Plus, it really doesn’t matter what I think, it’s your investment and your money on the line, not mine.
    But I do stand by my comments in the editorial piece, and I want to add clarity to a few things based on your response.

    1) The comment “corporate pencil pusher” was not directed toward you, personally. My apologies if you thought that remark was directed to you. It was a quote from another piece in 2015 where I described what ‘usually’ happens when new owners change a big brand just for the sake of change. I do believe that second part applies here – the changes being made at WLNG do seem to be just for the “sake of change.” You are 20 days into this venture. Rather than launch with wholesale changes, why not take the time to discuss with the staff and ask them for ideas on how to “update” the station without losing the essence and iconic sound of WLNG?

    2) The service elements have been reduced, starting with hourly news updates. The number of jock breaks have been reduced… most hours I’ve heard only 4 breaks per hour. If this isn’t the case, why is it happening? The playlist has been cut. But as I said in the piece in your defense, that’s one change that I would have supported to a degree.

    3) It would appear that Scott Shannon is advising some of this, including proof-reading the response that you sent to me, because he responded to the BCC saying “I think it’s perfect”. So there is at least some outside counsel happening here. And I have tremendous respect for Scott, he’s one of my radio heroes. If you truly believe that there’s significant listener dissatisfaction with WLNG that warrants all of these changes, rather than seeking anecdotal opinions, why not conduct a formal perceptual study using an actual research company? At least you would be basing changes on facts instead of opinions. WLNG is so unique that making changes based solely on opinions is a very risky proposition.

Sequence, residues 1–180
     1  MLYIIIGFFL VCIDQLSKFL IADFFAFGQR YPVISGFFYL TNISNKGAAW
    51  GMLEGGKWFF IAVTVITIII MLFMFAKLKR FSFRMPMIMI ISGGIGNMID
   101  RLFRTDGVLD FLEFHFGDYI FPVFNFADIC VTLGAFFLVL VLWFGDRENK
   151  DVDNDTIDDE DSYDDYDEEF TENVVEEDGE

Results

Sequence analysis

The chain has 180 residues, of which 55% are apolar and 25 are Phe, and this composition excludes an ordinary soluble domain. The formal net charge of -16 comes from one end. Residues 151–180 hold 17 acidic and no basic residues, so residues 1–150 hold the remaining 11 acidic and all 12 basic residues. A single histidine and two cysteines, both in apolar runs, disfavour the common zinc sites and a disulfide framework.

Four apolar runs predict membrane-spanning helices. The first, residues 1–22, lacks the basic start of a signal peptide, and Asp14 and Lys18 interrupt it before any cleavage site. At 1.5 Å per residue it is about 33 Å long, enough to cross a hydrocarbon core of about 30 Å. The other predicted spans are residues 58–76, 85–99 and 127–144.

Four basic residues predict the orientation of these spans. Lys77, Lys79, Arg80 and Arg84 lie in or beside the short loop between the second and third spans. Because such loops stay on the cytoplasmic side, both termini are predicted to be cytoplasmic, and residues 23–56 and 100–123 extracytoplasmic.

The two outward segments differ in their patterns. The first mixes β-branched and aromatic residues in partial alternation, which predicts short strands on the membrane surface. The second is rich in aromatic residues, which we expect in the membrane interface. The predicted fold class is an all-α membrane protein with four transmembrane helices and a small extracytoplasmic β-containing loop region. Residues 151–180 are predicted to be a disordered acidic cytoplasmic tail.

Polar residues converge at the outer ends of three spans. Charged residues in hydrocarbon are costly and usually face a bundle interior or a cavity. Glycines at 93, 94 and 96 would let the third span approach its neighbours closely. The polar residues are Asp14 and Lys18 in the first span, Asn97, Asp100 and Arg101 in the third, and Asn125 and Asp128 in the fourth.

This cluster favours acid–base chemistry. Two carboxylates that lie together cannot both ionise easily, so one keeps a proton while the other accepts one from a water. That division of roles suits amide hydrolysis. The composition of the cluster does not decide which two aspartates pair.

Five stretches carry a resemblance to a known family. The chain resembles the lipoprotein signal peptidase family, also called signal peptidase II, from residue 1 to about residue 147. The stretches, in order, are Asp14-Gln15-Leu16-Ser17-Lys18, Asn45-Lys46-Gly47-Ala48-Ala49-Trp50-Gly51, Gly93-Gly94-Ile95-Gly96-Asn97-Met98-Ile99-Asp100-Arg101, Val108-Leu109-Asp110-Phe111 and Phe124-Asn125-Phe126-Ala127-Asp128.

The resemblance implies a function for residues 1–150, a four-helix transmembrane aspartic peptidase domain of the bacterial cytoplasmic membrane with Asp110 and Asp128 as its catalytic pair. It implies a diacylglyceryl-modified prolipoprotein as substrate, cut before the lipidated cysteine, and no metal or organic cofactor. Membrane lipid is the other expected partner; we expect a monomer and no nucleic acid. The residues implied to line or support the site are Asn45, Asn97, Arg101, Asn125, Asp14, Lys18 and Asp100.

4) It’s not a contradiction to say that WLNG could use some updating in some areas while ensuring preservation of the iconic and unique sound of the station overall… I used the word “subtle” for a reason. I don’t believe the recent changes have been “subtle” at all. We do agree that there’s an opportunity to make WLNG more accessible to a larger audience – and I respect the need and desire to evolve with the listener. But the whole point of the editorial is that this can and should be done without losing the “soul” of WLNG… which is a function of the service, sound, and personality of this unique brand.

    5) Your point of being a female owner in an industry largely dominated by men is not lost on me. My wife owns and manages three FM stations in Michigan. And I celebrate the fact that you are not some corporate conglomerate who would have piped in a syndicated format from elsewhere without even giving it a thought.

    Sandra, you may be wondering why on earth I would even care about what’s happening at WLNG. After all, I have no horse in that race. I’m simply a fan of unique and unusual brands. WLNG is a diamond in the rough of small market radio. There are only a handful of stations left that are so uniquely local and stand out from the pack. I’m glad to hear that you recognize this, and I wish you the best of luck with this station. But please know you have more than just a radio station – it’s a unique piece of art in the gallery of radio that needs special care.

    All my best,
    Dom

    Reply